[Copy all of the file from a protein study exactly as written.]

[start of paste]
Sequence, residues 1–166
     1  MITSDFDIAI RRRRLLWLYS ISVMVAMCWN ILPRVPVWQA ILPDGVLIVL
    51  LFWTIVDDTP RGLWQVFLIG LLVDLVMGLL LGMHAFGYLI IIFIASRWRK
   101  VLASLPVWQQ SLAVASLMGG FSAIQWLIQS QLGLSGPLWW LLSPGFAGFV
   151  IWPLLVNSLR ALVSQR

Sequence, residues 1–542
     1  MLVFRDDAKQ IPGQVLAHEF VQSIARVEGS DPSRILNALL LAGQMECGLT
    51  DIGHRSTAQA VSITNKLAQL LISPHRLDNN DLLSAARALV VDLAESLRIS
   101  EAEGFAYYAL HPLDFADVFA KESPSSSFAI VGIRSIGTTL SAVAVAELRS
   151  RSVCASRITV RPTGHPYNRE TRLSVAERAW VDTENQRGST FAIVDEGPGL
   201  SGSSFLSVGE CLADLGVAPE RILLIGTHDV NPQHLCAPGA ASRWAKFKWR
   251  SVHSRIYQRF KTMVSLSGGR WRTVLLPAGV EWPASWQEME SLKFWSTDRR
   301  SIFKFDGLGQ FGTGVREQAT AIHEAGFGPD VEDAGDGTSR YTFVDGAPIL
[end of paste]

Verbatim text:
Sequence, residues 1–166
     1  MITSDFDIAI RRRRLLWLYS ISVMVAMCWN ILPRVPVWQA ILPDGVLIVL
    51  LFWTIVDDTP RGLWQVFLIG LLVDLVMGLL LGMHAFGYLI IIFIASRWRK
   101  VLASLPVWQQ SLAVASLMGG FSAIQWLIQS QLGLSGPLWW LLSPGFAGFV
   151  IWPLLVNSLR ALVSQR

Sequence, residues 1–542
     1  MLVFRDDAKQ IPGQVLAHEF VQSIARVEGS DPSRILNALL LAGQMECGLT
    51  DIGHRSTAQA VSITNKLAQL LISPHRLDNN DLLSAARALV VDLAESLRIS
   101  EAEGFAYYAL HPLDFADVFA KESPSSSFAI VGIRSIGTTL SAVAVAELRS
   151  RSVCASRITV RPTGHPYNRE TRLSVAERAW VDTENQRGST FAIVDEGPGL
   201  SGSSFLSVGE CLADLGVAPE RILLIGTHDV NPQHLCAPGA ASRWAKFKWR
   251  SVHSRIYQRF KTMVSLSGGR WRTVLLPAGV EWPASWQEME SLKFWSTDRR
   301  SIFKFDGLGQ FGTGVREQAT AIHEAGFGPD VEDAGDGTSR YTFVDGAPIL